What in the world?
You’ve probably noticed that there’s been a lot of bad news happening lately. It’s safe to say that things haven’t been peachy on planet earth for a while. I don’t know about you, mamas, I’ve been thinking a lot about what kind of world my kiddos are growing up in.
I don’t think I’d be alone when I say that most mamas would want our children to be kind, considerate and productive members of society. Not only that, many might say that they would want their children to grow up to be socially responsible, collaborative and helpful young leaders who are passionate about what they do but not at the expense of others. I for one, hope and pray my kids not only turn out to be people who lead in excellence in whatever they choose to do, but that they are others-focused, humble and have a desire to build up the people around them.
But it really does start at home, doesn’t it? It starts with all of us, mums and dads, family members and trusted friends, a village, to model, guide, mentor, and lead our kiddos to reflect what truly makes a global citizen and how they should interact and view the inherent worth of each person around them.
With the easy access to technology, mass media has become one of the fastest ways our kids are gaining information these days, whether that be the news or how events and people are portrayed and reported. What they are reading and watching on screens are becoming the greater influences in how their minds are shaped to view the world.
A few weeks ago, I had the opportunity to attend the premiere of She Objects, a locally made but globally supported message of calling the objectification of women in media to cease.
After attending the premiere, I was made even more aware of the rhetoric and messaging that degrades women in many forms of media right here in Hong Kong and all over the world. From the overly sexualised images of women to the prevalence of unequal gender opportunities to the unspoken expectations of what beauty looks like to the masses, there are no shortages of discrimination and negativity when it comes to the portrayal of women.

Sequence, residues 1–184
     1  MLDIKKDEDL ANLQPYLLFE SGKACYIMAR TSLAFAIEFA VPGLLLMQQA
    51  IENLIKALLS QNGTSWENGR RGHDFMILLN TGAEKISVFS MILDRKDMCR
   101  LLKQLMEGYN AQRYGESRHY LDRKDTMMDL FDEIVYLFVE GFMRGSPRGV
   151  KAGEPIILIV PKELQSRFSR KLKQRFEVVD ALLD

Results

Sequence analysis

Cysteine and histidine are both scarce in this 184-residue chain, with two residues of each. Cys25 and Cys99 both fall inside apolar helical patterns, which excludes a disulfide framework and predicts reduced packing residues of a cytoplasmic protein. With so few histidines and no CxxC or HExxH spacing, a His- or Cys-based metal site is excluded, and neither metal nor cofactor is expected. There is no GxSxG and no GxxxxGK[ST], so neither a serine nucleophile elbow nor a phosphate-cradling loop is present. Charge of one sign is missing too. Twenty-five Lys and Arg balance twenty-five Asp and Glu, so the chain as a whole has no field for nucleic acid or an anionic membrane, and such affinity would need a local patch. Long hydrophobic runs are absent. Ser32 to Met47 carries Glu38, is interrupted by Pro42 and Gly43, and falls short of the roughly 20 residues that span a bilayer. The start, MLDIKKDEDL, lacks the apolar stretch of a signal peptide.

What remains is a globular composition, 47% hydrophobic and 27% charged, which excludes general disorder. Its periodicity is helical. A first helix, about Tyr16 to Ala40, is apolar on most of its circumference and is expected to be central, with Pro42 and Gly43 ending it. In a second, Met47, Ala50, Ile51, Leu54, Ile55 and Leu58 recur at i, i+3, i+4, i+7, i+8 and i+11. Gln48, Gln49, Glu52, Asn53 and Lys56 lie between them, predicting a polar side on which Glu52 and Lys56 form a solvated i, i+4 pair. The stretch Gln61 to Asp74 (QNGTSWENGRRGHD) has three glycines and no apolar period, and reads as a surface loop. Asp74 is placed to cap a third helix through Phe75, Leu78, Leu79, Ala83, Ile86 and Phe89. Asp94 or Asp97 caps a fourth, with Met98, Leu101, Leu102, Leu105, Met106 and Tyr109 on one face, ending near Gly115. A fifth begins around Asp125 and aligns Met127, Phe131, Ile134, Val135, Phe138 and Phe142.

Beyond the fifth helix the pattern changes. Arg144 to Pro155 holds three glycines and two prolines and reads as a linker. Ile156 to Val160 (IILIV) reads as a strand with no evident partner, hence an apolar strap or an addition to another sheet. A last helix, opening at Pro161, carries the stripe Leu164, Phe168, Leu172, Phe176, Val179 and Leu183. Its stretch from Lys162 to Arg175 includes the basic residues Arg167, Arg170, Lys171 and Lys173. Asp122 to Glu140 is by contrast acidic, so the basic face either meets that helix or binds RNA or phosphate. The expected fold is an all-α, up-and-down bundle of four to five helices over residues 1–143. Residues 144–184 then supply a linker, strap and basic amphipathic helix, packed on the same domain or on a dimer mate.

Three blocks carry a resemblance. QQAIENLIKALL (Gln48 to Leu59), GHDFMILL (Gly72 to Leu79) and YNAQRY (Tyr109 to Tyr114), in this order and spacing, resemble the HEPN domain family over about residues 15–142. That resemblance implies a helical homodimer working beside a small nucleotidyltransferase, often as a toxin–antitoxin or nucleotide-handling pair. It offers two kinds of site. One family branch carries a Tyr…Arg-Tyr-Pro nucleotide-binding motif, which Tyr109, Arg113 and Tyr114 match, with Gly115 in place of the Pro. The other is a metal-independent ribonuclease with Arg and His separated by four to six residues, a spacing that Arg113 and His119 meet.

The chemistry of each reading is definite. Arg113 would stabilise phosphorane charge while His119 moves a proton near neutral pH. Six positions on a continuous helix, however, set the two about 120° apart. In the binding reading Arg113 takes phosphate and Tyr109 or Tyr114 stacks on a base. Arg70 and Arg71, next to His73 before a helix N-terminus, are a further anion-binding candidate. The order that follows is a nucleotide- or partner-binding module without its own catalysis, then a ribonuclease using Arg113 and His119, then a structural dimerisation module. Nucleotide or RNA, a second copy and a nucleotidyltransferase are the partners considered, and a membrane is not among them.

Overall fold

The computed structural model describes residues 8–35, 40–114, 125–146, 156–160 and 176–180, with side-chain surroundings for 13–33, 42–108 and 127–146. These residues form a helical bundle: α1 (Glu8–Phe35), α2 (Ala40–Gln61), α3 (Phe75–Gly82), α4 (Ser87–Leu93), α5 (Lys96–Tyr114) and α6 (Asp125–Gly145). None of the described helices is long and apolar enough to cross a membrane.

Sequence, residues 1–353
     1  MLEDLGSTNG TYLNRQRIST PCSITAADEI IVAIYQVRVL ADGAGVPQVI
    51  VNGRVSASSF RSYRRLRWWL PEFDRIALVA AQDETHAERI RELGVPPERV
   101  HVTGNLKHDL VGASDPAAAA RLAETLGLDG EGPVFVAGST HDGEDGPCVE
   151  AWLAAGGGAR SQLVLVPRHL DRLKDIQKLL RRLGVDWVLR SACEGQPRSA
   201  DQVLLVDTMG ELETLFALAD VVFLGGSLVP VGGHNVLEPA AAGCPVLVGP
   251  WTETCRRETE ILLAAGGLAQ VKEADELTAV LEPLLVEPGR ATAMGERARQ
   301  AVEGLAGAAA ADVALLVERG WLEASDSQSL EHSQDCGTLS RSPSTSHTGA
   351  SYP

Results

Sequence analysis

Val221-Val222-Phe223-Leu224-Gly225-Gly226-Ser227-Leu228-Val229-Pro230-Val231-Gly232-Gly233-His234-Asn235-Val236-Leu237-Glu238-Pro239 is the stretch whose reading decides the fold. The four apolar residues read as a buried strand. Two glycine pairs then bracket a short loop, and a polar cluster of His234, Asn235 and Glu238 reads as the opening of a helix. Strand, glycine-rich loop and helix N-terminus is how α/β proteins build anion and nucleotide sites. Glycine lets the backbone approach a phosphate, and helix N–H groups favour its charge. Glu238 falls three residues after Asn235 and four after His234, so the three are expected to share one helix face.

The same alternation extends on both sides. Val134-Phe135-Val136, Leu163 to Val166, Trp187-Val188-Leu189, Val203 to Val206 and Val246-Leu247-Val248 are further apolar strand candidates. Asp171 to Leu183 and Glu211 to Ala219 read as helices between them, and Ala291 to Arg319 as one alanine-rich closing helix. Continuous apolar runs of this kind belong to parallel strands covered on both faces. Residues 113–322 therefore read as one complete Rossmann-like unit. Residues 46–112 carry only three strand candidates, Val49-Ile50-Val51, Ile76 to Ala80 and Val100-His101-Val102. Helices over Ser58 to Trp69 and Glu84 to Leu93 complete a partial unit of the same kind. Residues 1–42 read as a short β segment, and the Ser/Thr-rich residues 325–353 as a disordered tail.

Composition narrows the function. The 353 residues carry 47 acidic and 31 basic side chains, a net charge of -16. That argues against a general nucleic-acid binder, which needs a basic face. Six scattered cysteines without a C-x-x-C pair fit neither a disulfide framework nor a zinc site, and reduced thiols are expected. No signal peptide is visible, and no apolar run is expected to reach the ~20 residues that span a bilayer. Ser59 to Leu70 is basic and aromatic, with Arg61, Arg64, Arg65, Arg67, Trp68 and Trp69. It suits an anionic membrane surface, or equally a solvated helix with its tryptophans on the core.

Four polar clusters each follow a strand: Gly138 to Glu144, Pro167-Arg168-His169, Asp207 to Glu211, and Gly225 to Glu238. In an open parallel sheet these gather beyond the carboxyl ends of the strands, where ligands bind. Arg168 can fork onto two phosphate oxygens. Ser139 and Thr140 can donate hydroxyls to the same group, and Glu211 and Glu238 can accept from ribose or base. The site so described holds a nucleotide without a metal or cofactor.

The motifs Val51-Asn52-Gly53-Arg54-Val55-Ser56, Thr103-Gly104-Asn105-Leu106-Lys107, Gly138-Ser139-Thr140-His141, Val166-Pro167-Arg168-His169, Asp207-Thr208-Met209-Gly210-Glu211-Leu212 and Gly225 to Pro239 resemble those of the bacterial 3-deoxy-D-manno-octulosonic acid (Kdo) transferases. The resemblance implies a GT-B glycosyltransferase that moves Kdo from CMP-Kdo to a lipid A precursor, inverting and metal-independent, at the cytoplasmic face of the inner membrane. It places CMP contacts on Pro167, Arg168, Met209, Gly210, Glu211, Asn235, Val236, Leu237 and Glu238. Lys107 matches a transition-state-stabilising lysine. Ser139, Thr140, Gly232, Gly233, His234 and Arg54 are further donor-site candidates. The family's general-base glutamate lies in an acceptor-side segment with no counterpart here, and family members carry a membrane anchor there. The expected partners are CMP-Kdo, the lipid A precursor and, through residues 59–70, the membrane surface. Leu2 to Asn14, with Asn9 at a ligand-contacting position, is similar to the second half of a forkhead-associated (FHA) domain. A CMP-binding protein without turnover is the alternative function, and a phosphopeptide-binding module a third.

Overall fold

If you were to walk down any street in Hong Kong, you will see billboards plastered with images of women modelling what the “ideal” body type is and weight loss advertising not for health but for vanity. You will also see fashion spreads and tabloids portraying a certain type of beauty that is not often realistic or publicly shaming women who are not looking the way society says they “should” look.
She Objects tackles these topics and the seriousness and responsibility all of us collectively have to reshape the messaging for future generations. This documentary is such an important piece as it brings to light how damaging the wrongful portrayal of women is to women and men alike. Anyone with any sort of influence (and that’s all of us, mamas!) needs to educate those around us… especially our kids on how to treat and respect one another.
I would never want my son or daughter to grow up in a society where they’re judged by how they look or what they wear. Rather, I would want the content of their character to speak out for who they truly are. On the same hand, I would want them to view their peers in the same way. At the end of the day, mutual respect and love for others is what will not only reshape the way we interact with one another, but how the wrong message loses its power. The world our kids grow up in can be a better place, and it will always begin at home.
If you feel the same way or have a different perspective and want to write about it, I’d love to hear from you! Contact me at email@example.com